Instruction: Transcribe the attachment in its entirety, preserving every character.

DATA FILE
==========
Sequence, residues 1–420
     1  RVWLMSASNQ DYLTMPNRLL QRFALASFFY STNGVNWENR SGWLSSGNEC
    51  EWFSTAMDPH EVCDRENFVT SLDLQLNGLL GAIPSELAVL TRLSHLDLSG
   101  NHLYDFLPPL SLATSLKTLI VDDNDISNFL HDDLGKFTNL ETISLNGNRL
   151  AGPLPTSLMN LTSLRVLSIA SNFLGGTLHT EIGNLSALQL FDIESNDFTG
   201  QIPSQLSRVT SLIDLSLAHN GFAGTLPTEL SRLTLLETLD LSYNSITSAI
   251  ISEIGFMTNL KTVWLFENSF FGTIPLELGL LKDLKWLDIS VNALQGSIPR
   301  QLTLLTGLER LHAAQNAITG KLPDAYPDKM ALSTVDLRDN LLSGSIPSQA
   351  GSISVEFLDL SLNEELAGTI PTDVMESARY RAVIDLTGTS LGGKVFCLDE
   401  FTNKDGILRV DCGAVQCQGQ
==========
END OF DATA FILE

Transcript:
Sequence, residues 1–420
     1  RVWLMSASNQ DYLTMPNRLL QRFALASFFY STNGVNWENR SGWLSSGNEC
    51  EWFSTAMDPH EVCDRENFVT SLDLQLNGLL GAIPSELAVL TRLSHLDLSG
   101  NHLYDFLPPL SLATSLKTLI VDDNDISNFL HDDLGKFTNL ETISLNGNRL
   151  AGPLPTSLMN LTSLRVLSIA SNFLGGTLHT EIGNLSALQL FDIESNDFTG
   201  QIPSQLSRVT SLIDLSLAHN GFAGTLPTEL SRLTLLETLD LSYNSITSAI
   251  ISEIGFMTNL KTVWLFENSF FGTIPLELGL LKDLKWLDIS VNALQGSIPR
   301  QLTLLTGLER LHAAQNAITG KLPDAYPDKM ALSTVDLRDN LLSGSIPSQA
   351  GSISVEFLDL SLNEELAGTI PTDVMESARY RAVIDLTGTS LGGKVFCLDE
   401  FTNKDGILRV DCGAVQCQGQ